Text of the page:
Ask Rinella: Executing the Perfect Double Blaukš

Ask Rinella: Executing the Perfect Double Blaukš

It always surprises me which topics from The MeatEater Podcast generate the greatest listener response. One conversation that caused us to get flooded with feedback was when I erroneously said that Sam Houston had died at the Alamo. Man, did that get some Texas blood boiling. Another hot topic for feedback was our conversation about whether or not it’s legal to shoot across private property if you both you and your target are on public land. Health issues are another thing that put people into a writing mood. Last fall, we had an episode where we discussed a minor heart condition that Janis was dealing with. We got flooded with dozens of diagnoses along with more than a few suggested remedies. Same with our discussions around Dirt Myth’s nasty chewing habit. Every time it comes up, listeners hit us with personal stories about how they beat–or were ultimately beaten by–the habit. Recently, we had a follow-up conversation on this subject and I was wondering about the proper word for those who chew tobacco. Cigarettes have their “smokers,” but do users of chewing tobacco like to be called “dippers” or “chewers?” For that, a guy wrote in to suggest “chaw dawgs,” with an emphasis on proper spelling.

I bring this up because another unexpectedly hot topic has been blowing up in our inbox. This one has to do with the proper method of coordinating simultaneous shots with your hunting partners. The subject was raised in the first place because someone wrote us a letter about a negative experience that he’d had with a hunting partner while chasing turkeys. They had two toms coming into the call, side by side, and the partner proposed a countdown so that they could shoot at the same time and bag both. The partner then says “1…2…” and shoots without ever saying “3.” The guy that wrote to us said that he was waiting for the “3” and therefore never got his shot off. He was pissed at his buddy, and wanted our opinion on whether he was justified in his feelings.

To be honest, I don’t think I’ve ever successfully pulled off a 1-2-3 situation. Many years ago I was hunting with my friend Eric Kern and we had a flock of turkeys that included a few toms coming directly at us up a hill. Eric said, “Let’s wait and get two at a time,” which always sounds like such an enticing deal. So I held fire and Eric held fire, each of us waiting for the other to do or say something. Soon the birds were literally amongst us, and then past us, and then spooked. Zero shots fired. I referred to this situation two falls ago while hunting elk with my friend, Remi. We had two bulls working across a hillside in our direction and Remi suggested going for a countdown. I told him to take his shot and that I’d figure things out with the second bull once the first bull was on the ground. The second bull was gone in a flash once Remi shot, and I was left to question to my decision. In the end I felt okay with my reluctance to attempt coordinated shots. It comes down to the old bird-in-the-hand being better than a couple of them in the bush.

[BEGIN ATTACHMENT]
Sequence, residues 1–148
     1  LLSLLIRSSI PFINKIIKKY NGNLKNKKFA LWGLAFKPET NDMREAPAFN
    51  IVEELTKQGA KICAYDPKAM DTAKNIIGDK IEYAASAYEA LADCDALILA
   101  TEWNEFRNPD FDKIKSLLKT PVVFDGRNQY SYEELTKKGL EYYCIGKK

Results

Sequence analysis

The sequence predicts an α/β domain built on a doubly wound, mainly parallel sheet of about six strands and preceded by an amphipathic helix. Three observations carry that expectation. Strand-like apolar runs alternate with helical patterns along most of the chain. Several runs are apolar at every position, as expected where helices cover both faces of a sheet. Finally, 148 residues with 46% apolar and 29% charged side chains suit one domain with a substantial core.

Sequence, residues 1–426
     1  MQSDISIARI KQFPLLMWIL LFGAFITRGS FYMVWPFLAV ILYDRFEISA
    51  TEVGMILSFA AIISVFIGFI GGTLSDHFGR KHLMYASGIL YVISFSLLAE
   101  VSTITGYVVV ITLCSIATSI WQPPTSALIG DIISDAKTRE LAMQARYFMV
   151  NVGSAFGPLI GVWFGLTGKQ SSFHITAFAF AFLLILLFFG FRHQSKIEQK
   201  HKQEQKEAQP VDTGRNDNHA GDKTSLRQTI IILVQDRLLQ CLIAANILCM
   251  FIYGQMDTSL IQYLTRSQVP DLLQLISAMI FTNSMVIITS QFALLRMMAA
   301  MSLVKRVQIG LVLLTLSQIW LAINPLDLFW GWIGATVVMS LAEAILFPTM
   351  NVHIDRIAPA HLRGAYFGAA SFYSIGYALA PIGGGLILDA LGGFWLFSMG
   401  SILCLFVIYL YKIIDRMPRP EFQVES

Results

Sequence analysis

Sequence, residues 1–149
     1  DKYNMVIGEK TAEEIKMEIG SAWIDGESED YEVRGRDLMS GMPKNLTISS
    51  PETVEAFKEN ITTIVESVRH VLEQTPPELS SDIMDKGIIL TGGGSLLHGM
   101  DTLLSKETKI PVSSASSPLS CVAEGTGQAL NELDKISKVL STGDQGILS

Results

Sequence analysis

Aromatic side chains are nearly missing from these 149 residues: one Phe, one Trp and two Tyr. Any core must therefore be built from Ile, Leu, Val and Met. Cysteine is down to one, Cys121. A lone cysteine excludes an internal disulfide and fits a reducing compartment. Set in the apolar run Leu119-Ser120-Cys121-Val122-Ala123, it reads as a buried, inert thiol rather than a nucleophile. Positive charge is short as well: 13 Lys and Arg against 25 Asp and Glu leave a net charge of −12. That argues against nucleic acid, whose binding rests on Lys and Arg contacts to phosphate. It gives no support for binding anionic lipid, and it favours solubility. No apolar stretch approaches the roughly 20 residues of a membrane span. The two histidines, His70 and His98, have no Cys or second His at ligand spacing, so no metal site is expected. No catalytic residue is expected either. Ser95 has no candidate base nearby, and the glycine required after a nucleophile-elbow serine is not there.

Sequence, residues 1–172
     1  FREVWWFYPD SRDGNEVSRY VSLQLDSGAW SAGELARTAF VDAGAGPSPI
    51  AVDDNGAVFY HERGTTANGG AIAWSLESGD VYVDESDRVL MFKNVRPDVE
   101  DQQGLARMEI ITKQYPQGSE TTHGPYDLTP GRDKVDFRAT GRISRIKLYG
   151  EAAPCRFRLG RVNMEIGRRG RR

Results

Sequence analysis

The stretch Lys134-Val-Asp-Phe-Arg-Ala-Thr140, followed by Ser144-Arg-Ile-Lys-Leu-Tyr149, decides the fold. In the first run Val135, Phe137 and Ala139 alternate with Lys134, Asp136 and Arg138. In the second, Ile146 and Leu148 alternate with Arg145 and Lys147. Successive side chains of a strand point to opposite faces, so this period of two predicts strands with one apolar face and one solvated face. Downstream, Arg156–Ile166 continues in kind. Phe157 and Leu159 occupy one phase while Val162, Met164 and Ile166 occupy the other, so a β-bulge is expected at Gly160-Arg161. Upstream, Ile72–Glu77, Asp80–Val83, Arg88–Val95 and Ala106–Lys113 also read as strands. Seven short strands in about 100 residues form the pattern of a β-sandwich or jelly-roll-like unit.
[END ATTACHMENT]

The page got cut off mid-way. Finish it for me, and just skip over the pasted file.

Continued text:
So what were all the email responses about? Mostly suggestions for how to properly pull off coordinated shots. The most helpful versions came from law enforcement and military personnel, who take this sort of thing pretty damn seriously. It comes up in hostage crisis training, terrorism work, and in situations when snipers might need to shoot through glass barriers. Apparently, glass can throw a shot wildly. And since no two shooters can ever coordinate their shots with absolute precision, one of the bullets is going to reach the glass first and shatter the plane in such a way that the second bullet will have an easier time staying true to its path.

The pros use at least two methods for coordinated shots. The one that strikes me as the most applicable to hunting is the countdown method. With this, one of the shooters starts to count down from 5, with the intent of both shooters pulling the trigger on 1. What makes the system work especially well is that the 2 and 1 are not actually pronounced, so that the counter is quiet and focused at the moment of shooting. The counter establishes the cadence by saying “5…4…3…” and then both shooters continue the count silently in their heads. It sure seems like a good way of getting two turkeys at once. While the other method is a bit more complicated and would take more practice, it does seem to be more appropriate for situations where things are prone to sudden change. When one of the shooters finds his target, he says “on you.” That means he’s waiting for confirmation from the second shooter. If the second shooter says “got it,” then the first shooter repeats the affirmation– “got it”– and both shooters fire immediately upon these words. If the second shooter doesn’t have his target after hearing “on you,” he or she says “no target.” In that case, the sequence starts over again.

It’s valuable information, for sure, and I can imagine hunting scenarios where I might use it in the future. But what’s even more valuable to me than the insight is knowing that the MeatEater audience includes the kinds of folks who are willing to take a few minutes in order to pass along information, insights, corrections, and observations in order to benefit the lives and brains of others. It means a lot, so please keep it up.

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